Whilst questing in Highmountain, a Fevered Letter dropped for me from a bear. Because I’ve spent many years doing this, playing and learning about how the MMO works, I looked at the request and immediately knew it was time to start learning. This might seem in incongruous quest to many of you, but to me this was the start of a glorious adventure. It also highlights exactly what has changed in design mentality since Draenor and here, and as such gets an entire blog post dedicated to it. First up, I had no idea what a Field Pack was and so the first logical port of call was to the First Aid trainer in Dalaran. As it transpires, these are vendor bought ‘reagents’ which, when combined with player-produced items, increase skill as you level up. It seemed logical to buy a stack in anticipation and once I had, it was back to Highmountain to locate the writer of the letter. Except when you’re restricted to ground mounts for exploration?
Finding the way ‘up’ can become problematic.
As I searched for a way to scale the mountain, I came across rare spawn after Rare Spawn. I managed two gear upgrades from just looking for the fevered traveller, plus a lovely new Vanity pet and a TON of useful Order resources/Artefact powerups. Every path up I found had a treasure waiting at the end, almost as if it had been designed… and clearly, it was. This zone (and I have no doubt all the others) have been laid out to reward players when they do just this. This is, effectively, removing the curse of linear questing once and for all. In fact, if I’m honest, I gained more rewards from this ‘off script’ adventuring than I had in the previous two hours from the ‘organised’ questlines. It was, effectively, magnificent to be able to just play my way and be rewarded for doing so. Eventually, after almost an hour of riding up and down mountains, and defeating a particularly unpleasant fire-wielding Rare, I found my man.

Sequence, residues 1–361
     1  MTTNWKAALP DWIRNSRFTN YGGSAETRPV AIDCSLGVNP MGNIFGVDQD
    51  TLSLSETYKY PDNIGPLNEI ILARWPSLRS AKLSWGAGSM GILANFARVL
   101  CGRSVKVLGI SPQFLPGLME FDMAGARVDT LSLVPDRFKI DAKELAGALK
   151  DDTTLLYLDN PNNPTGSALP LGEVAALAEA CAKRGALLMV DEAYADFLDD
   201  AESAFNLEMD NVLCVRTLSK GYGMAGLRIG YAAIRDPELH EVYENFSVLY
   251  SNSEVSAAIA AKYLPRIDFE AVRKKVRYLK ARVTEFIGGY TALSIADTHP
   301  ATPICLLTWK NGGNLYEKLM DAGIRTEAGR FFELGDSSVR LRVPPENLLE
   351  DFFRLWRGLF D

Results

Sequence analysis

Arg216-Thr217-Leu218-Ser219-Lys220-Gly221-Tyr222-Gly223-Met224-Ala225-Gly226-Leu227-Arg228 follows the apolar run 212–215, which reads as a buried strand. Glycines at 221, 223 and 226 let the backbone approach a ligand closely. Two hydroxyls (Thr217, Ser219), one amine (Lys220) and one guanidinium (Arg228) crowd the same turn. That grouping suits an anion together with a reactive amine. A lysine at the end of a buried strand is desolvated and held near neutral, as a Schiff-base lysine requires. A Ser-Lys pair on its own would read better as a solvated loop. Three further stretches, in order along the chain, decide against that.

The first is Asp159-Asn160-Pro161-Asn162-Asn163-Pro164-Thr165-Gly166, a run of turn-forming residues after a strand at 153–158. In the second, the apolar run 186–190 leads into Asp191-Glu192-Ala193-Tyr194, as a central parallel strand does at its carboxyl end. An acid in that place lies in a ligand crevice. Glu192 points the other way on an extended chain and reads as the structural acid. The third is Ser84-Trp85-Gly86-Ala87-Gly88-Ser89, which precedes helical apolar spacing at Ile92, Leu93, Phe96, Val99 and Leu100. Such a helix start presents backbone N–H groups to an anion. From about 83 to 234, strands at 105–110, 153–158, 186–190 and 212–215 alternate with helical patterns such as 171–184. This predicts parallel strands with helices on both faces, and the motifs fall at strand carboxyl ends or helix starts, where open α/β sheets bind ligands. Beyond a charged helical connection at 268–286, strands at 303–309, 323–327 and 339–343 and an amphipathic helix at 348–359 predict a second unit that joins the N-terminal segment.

Of course, he wasn’t that grateful, and hearthed straight out after I’d healed him (so in that regard, a fairly typical adventurer, I suppose.) For me however, it highlighted just how far the game has travelled in a reasonably short space of time. When one looks at the fiercely regimented ‘freedom’ that your Garrison gave on Draenor, and then you compare it to the almost cavalier flexibility of the Class Order Hall’s ‘you choose’ policy? Except, as many people have pointed out, that’s a lie in itself. There’s a side to that ‘game’ which is perhaps more organised and scripted than Missions were before, but now it is clear that’s because it’s a whole separate app designed to play on a mobile? An awful lot of things make sense. For those of us therefore who are more interested in the journey than the destination? We can be happy, whilst everyone else is simply grinding their shit to prepare for raiding.